Biberkopf is a poster-child for social ills, and a handy mechanism for the novelist’s extravagant raid on urban velocity, chatter, and tension. He has been novelized without being rarified: his sorrows are simple, their aesthetic shape is not. Without the palliative of liqueur or a new infatuation, Biberkopf experiences his life largely as a registration of distresses. These are brought on by his wartime chapter—he still has his brain and even his “midbrain,” he quips, but in what form we cannot always be sure; by his romantic misdeeds (Eros in the novel often seeming a mere disguise that Ares wears, with dalliances turning into clashes between lovers or rival suitors); by an oppressive economic order; and by the backstabbing conmen with whom he throws in his lot. Their conning, we gather, is a microcosm, and not an outlier, of a wider social world defined by infinite aggressions and expropriations.

The setting for that social world has perhaps been too easily treated as a Joycean tribute to a place, a love letter to Berlin. And certainly when, for example, Döblin launches into a full recitation of the tramline stops—a counterpart to the Homeric list of ships—it is possible to hear an unbridled civic gusto. Yet the “whirlpool metropolis” Döblin designs for Biberkopf’s roving is often a materialist nightmare, all eavesdropped misfortunes and clattering trains. It is the anti-Platonic city, and stripped of the promise that infuses urban spaces in modern literature: as a place of readymade pleasures and individual metamorphosis. Döblin’s Berlin makes for a far sparser stage. Its truer energies are those of verbal compilation rather than of granular urban portraiture, ravished or otherwise. To plunge into the novel is to lose and recover one’s way in the play of unnamed voices, which press a case, a lament, a story, for a few lines and then disappear.

Some of these voices come from scenes Biberkopf participates in, but many are part of a vast collage. These voices are not merely incidental pieces in a city soundscape; rather, the lion’s share form a tragic chorus—the babel of the unlucky. They tell of soured marriages, front-page calamities, firings, workplace accidents, political agitation, wizened barroom advice from elders to youngers—not to succumb to false hopes, not to mistake the way the world is for the way it ought to be (the law-courts, as one opines, for true justice), to play a little pool if it helps, to take some rum in one’s tea. Döblin condenses the drama of human life to taut episode. Here, for instance, a grieving father confronts the young doctor whose oversight, he believes, may have caused his four-year-old son’s death the day before:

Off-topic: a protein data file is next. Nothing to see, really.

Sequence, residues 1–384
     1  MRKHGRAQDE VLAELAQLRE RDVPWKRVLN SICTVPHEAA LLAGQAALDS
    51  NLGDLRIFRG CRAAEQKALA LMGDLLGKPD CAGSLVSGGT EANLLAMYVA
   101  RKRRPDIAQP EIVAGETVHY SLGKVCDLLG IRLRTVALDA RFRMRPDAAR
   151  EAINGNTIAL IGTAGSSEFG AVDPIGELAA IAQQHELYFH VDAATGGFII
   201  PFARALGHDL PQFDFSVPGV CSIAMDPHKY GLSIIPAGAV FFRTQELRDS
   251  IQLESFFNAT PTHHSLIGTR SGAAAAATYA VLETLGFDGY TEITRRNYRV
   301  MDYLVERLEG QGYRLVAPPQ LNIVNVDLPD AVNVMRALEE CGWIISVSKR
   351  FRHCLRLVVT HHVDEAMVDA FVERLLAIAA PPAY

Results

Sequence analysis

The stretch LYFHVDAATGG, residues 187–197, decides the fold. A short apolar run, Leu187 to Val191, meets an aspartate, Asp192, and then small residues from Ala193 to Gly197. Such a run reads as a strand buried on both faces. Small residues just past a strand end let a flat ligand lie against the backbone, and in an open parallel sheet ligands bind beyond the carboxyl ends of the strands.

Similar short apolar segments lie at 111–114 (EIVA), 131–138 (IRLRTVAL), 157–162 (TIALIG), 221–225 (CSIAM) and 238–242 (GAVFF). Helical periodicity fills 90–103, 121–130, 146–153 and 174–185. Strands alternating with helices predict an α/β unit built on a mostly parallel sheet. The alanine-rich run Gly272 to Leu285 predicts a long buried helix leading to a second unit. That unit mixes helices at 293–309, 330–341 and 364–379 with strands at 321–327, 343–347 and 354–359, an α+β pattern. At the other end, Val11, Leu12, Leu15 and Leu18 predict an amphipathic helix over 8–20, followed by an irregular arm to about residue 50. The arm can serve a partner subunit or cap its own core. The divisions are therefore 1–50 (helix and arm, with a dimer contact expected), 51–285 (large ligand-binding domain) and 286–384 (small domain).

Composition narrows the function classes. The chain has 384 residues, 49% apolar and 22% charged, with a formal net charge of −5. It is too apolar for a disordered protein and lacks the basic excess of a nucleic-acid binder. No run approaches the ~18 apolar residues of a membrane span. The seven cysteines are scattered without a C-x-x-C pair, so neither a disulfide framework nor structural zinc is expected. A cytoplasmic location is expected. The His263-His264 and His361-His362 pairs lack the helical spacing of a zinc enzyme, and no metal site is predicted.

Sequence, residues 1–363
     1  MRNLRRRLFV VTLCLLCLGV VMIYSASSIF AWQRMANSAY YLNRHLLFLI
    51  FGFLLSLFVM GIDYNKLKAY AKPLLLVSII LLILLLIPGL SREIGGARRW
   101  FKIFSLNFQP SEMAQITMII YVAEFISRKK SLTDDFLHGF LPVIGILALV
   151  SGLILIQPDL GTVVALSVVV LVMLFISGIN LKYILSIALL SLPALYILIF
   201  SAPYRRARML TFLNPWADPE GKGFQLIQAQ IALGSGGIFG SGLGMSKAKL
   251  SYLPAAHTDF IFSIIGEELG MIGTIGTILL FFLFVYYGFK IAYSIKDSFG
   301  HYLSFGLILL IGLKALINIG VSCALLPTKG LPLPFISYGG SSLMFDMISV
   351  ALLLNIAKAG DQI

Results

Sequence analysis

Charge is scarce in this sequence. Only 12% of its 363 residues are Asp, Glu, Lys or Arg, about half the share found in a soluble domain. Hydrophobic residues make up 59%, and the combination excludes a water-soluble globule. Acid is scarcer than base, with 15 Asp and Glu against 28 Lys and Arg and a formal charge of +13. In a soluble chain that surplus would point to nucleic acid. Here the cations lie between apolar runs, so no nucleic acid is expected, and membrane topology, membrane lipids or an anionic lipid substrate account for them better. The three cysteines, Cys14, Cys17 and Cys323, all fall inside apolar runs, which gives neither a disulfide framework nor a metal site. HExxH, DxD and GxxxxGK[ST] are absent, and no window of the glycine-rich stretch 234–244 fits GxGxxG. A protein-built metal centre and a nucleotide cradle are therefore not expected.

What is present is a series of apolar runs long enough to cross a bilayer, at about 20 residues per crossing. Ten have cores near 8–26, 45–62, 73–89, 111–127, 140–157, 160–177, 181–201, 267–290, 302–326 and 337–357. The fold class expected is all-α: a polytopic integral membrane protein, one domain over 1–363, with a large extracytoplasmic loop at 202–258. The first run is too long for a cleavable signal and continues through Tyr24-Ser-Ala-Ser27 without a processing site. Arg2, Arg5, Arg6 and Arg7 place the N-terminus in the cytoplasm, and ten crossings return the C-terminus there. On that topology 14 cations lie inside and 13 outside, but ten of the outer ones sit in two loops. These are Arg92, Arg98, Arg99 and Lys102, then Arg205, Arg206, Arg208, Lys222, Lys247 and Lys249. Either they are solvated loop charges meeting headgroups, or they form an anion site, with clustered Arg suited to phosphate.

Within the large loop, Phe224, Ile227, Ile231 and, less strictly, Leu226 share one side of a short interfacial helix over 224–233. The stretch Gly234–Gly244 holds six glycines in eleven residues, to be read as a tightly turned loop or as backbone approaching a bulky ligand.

‘You kept us waiting the whole of Wednesday, from early till six a night. We sent for you twice. You didn’t come.’ ‘Of course I came.’ The man starts yelling again: ‘I’m a war cripple, we gave our blood in the trenches, and now we’re at the back of the queue, you think you can do what you like with us.’ ‘Sit down, sir, calm yourself. Your child didn’t die of diphtheria. Cross-infections in hospital are a fact of life.’ ‘Fact of life, sure,’ he goes on yelling. ‘But we’re left waiting, we’re last in line. It’s fine for our children to die, same as it was fine for us to die.’

Such are the facts of life with which Döblin’s Berlin residents have to make their difficult peace. Elsewhere, it is not loss but eruptive jealousy, or insolvency, or acts of aggression, that provide the bitter incitement to tragic knowledge. Whatever the malaise, Döblin’s dire narratives tend to arc towards a fractured resilience. The young doctor, the bereaved man tells his wife when he gets home, with a fair-mindedness hard to distinguish in the context from an ingrained helplessness, is “not a bad man, but he needs to be told.” He is already resigned to tautology: “if something goes wrong, it goes wrong.” Trembling, he drinks his coffee while his wife sobs. After a bit of small talk—the coffee is good—the curtain falls.